Yesterday Felix Hernandez threw the 23 perfect game in baseball history, dispatching the Tampa Bay Rays with a variety of perfectly located fastballs, earth-shattering sliders, and mind-bending curveballs. Watching him dispatch one Tampa Bay hitter after another was akin to watching Van Gogh paint his starry night or catching the Beatles during the recording of the White Album. King Felix turned one afternoon in Seattle, in front of his adoring court, into his personal thesis on pitching. Here’s just a few thoughts on what I saw:
1) Felix Hernandez is on another level right now
That may be stating the obvious after a guy throws a no-hitter, but Felix Hernandez is purely unhittable right now. We talked about how good he’s been it a couple weeks ago after he threw a 2-hit shutout against the Yankees in the bandbox that is Yankee Stadium, and it’s blatantly apparent now. He has 4 complete game shutouts in his last 10 starts, and 3 of those came against offenses that rank in the top-5 in baseball (Texas, New York, and Boston). His stat line over his last 10 starts: 6-0 with a 1.61 ERA, a .169 batting average against, 78 strikeouts, and only 13 walks in 78.1 innings. Nobody in baseball is getting on base against the King right now.
2) Hernandez may have had the best breaking stuff of his career yesterday
His curveball was absolutely ridiculous yesterday. According to the brilliant folks over at Brooksbaseball.net, Hernandez average curveball had 10 inches of drop and 4 inches of horizontal movement, rendering it impossible to hit, which was evident by the fact that Tampa hitters swung-and-missed the pitch 10 times, which is an elite number. King Felix’s change-up and slider were also working quite nicely, generating 9 swing-and-misses and 7 respectively.
A good way to know how well a pitcher’s breaking ball is moving is to watch a hitter’s reaction to it. Well judging by some of these swings Tampa hitters , the Rays stood no chance. Even Tampa Bay’s best hitter, Evan Longoria, was well off-balance and struggled to properly locate the pitch as it neared home plate. Elliot Johnson in particular looked baffled with some of his swings, even offering at a curveball in the 6th inning that bounced just a few inches from his feet.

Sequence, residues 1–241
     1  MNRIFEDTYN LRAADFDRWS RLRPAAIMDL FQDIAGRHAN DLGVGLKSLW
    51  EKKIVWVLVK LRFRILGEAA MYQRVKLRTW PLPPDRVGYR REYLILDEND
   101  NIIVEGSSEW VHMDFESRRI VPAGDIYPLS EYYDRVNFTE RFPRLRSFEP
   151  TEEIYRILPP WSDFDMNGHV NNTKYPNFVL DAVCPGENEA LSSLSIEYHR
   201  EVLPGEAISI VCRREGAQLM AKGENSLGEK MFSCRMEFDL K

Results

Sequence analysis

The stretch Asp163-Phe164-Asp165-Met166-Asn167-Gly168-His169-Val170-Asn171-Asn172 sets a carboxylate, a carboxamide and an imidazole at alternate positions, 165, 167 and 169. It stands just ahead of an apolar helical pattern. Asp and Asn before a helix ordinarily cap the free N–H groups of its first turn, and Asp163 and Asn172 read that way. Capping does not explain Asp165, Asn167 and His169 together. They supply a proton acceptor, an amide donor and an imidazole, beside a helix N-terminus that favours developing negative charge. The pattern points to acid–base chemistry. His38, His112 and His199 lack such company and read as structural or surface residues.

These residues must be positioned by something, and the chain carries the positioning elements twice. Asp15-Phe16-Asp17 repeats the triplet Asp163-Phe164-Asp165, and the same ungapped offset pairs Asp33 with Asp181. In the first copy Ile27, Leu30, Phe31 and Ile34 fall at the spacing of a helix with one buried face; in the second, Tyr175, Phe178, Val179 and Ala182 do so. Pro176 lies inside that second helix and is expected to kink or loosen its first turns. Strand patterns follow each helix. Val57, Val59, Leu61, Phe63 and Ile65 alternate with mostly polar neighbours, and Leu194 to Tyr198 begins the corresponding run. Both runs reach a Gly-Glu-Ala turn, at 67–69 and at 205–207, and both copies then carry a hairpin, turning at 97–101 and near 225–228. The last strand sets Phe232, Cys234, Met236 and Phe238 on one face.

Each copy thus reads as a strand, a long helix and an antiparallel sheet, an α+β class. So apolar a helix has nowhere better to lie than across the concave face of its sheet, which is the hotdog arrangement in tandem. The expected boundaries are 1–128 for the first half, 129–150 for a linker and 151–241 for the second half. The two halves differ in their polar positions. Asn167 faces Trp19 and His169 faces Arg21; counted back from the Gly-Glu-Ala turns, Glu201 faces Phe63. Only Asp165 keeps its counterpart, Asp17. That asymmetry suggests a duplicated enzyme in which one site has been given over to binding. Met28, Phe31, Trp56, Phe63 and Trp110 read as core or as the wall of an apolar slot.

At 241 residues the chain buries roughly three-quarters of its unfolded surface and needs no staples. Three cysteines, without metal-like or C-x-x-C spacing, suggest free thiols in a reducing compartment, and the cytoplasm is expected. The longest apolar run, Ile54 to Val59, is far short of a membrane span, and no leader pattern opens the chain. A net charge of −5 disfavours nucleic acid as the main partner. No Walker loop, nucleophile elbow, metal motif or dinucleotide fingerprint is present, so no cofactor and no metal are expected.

3) Felix Hernandez was locating his pitches beautifully
Hernandez never exhibited any signs of pressure during his start, which is a testament to the type of command he had throughout the game. A big part of the reason for this success is the fact that he is hitting his release point 99.9% of the time he throws a pitch. His release point was perfect on all but 2 pitches yesterday, a curveball in the dirt and a fastball in thrown high and well off the plate. Check out this graph from Brooksbaseball.net to see what I mean.
The graph above charts Hernandez’s release point, and if you notice all of the yellow in the middle, those are the swinging strikes. The two pitches furthest away from the middle, both green are the only times Hernandez didn’t hit his release point all day, which is a fantastic level of consistency. If he can be this consistent with his release point again, Hernandez stands a legitimate chance of repeating perfection.
Hernandez also took advantage of an expanding outside corner to left-handed hitters. Joe Maddon got tossed in the 7th inning arguing about it, but he had a point.
Felix was able to work the umpire just off the outside corner, which is very intelligent pitching. If you have an advantage, even an inch or two, you need to exploit it to make getting the hitter out easier. Hernandez is a smart pitcher and rode the outside corner all day long.
4) Jeremy Hellickson threw a hell of a ballgame too
Hellickson brought his A game to Safeco Field as well yesterday, going 7 innings, allowing only 5 hits and 1 walk while striking out 1. He was up to his usual pitch to contact tricks, taking advantage of the soft-hitting Seattle lineup. Hellickson induced 12 ground ball outs, an elite number in 7 innings, while generating weak contact on over 75% of the balls put in play. The only run he gave up was scored after Brendan Ryan flared a single to left field. Ryan then stole 2nd base straight off of Hellickson, who was paying him little attention, and he was able to advance to 3rd when the Rays’ pitcher bounced the pitch in the dirt. Jesus Montero hit a sharp single to drive him in and boom, 1-0 Mariners, which is all the King would need.
5) The King has taken the AL Cy Young lead
Those last 10 games we talked about have given Felix’s overall line a huge bump. He has an 11-5 record with a 2.60 ERA (5th in the AL), 180 innings pitched (1st), 174 strikeouts (2nd), a 1.044 WHIP (4th), and the 5th best strikeout to walk rate in the AL. He’s also 2nd in the AL in complete games with 4, and he leads baseball in shutouts with 4 as well. Justin Verlander, David Price, and Chris Sale are nipping at his heels, so Hernandez can’t afford to slip up, but his performance over the last 2 months has been unmatched in baseball this season.